There’s a little phrase I learned the other day that keeps popping up in my mind: “amuse bouche.” Evidently, this is a serving of food that just teases your mouth, since it’s too small even to qualify as an appetizer.
Now, in my book, this includes every meal ever served at any expensive restaurant, but I’d usually call those pissoffabouche, or apperithieves.
At the other end of the spectrum are New Jersey diner portions, which are served on dishes the size of platters, filled to the brim and piled high with delicious extravagance. You must have the wherewithal to pace yourself, and to ask for a doggy bag before you eat yourself sick. Otherwise, you won’t be able to consume the mandatory strawberry cheese cake or carrot cake for dessert. These are served in slices big enough to leave a South Asian village sated.
Neither of these extremes is acceptable, but I’m afraid I have no answer to the questions “What’s a decent portion? How big should an appetizer be? An entree? A dessert?”
I could never have learned this at my mother’s knee. Mama grew up during the Depression, when too little food was available, and she had TB in her teens, which left her painfully thin. Add this to the fact that she lived in Havana, where plump is a synonym for pretty, and the die was cast. Mama believed no meal was adequate until it added two pounds to your backside. She served huge portions and took great offense if you didn’t eat seconds; when she met Jeff and he asked for thirds, she told me to marry him.
When we got married, I tried to match our servings to his appetite, without taking into account the fact that the man had the metabolism of a hummingbird. I had no such thing, but I ate pretty much what he did… and in time, I managed to double my weight.
Then we had kids. She was never a picky eater, God bless her, but he was a revelation. This kid could eat. A day after he was born, the nurse picked him up from my room and said, “I know him. This is that hungry kid.” He breast fed. He demanded a supplementary bottle. He cried for more. In fact, when we took him home, the doctor told me, “that’s the only baby I’ve ever seen who gained weight in the hospital.”
When he was eleven or twelve, he had a bad attack of something gastric, and wound up in the hospital again. They sent a nutritionist to meet with him.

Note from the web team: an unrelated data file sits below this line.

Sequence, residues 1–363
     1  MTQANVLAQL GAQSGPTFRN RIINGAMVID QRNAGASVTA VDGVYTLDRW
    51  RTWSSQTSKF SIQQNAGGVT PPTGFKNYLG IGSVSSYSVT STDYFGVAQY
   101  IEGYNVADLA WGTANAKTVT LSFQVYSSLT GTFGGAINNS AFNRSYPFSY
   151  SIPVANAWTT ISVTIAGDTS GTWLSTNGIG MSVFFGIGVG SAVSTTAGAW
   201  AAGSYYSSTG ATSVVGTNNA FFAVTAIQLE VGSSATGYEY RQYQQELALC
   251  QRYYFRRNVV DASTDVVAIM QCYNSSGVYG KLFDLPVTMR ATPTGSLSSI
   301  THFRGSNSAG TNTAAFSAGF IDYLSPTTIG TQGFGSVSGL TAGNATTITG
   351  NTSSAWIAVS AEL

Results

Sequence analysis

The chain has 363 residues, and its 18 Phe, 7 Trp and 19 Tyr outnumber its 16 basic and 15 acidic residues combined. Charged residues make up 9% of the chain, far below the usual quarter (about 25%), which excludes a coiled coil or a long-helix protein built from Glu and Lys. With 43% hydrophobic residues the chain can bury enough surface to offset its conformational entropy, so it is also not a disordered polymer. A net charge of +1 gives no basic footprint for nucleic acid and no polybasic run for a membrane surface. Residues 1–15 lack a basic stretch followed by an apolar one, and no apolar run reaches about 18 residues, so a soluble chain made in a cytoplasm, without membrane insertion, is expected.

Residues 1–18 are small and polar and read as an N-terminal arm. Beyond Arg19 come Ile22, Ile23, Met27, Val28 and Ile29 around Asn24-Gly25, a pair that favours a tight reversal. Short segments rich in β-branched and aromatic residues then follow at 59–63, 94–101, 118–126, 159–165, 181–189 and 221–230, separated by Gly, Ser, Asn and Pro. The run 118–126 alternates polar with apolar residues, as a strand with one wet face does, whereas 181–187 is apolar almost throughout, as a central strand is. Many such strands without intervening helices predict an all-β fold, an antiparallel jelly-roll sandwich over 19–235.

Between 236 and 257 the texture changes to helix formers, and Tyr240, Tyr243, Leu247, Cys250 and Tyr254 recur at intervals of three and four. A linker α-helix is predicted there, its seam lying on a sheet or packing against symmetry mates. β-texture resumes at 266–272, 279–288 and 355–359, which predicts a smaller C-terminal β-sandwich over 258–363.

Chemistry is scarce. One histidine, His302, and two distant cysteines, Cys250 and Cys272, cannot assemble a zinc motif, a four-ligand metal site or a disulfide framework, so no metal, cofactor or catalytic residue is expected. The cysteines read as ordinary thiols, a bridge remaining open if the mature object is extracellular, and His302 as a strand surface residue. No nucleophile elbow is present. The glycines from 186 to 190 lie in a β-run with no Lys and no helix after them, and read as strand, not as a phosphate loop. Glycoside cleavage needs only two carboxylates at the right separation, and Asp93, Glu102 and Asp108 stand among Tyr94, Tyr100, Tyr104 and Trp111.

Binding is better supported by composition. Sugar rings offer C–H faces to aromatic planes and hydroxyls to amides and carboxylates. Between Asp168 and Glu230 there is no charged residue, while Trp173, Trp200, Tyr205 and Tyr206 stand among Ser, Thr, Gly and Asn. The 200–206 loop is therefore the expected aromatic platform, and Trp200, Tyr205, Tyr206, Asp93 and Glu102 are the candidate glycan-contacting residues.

“You know, dear,” she said, “to avoid situations like this in the future, and to bring your weight under control, you’re going to have to modify your portions. Are you willing to do that?”
“Yes,” he replied meekly.
“Your typical entree should include a cup of vegetables, half a cup of something starchy, like rice or potatoes, and four ounces of meat.” She lifted up her little hand. “That’s about the size of your hand when you make a fist.”
She didn’t take into account the size of his hands, which rival ham steaks.
“Would you be willing to try this, starting with dinner tonight?”
“Sure,” he said.
He was quite amenable… until they brought him his dinner and he lifted the cloche off the plate.
“WHAT THE HELL IS THAT?”
I looked at him, helplessly.
“That’s the dinner you agreed to, dear.”
My sweet little boy let out a string of expletives that would have made a sailor proud, and didn’t stop until he was brought a sizeable chicken sandwich, with a salad and fries.
When my son moved out two years ago, a new phenomenon introduced itself into our lives: leftovers. Even with our big portions, it became evident that Jeff and I couldn’t eat everything I was cooking.
In time, I started cooking smaller amounts of food… and now, I’m never sure I’m making enough to put on the table.
Tonight, this brought me some consternation.
I had defrosted a pound and a half of ground beef; half what I used to cook with.
Then, I added seasoning, bread crumbs, an egg, onion, and proceeded to make meatballs.
I made eighteen or twenty, then I stared at the plate. Was this enough?
Of course it was!!! What kind of behemoths need more than ten meatballs apiece??? In fact, three would be the equivalent of a decent hamburger; even in our “two all-beef patties” society, wouldn’t five or six be enough?
I cooked all of them. Then I put pasta on our dishes, and scooped on the meatballs: five for me, seven for Jeff.
We sat down to dinner. I finished in half the time he took to eat, satisfied, but not stuffed. When he finished, I asked “Would you like more?” He replied, “no, I’m good.”
These were twice the portions we would have eaten at an expensive restaurant, and half what we would have had at a diner.
I’m not sure they’re exactly ideal portions — more experimentation is necessary — but I do believe my bouche is more than amused. It’s positively satisfied.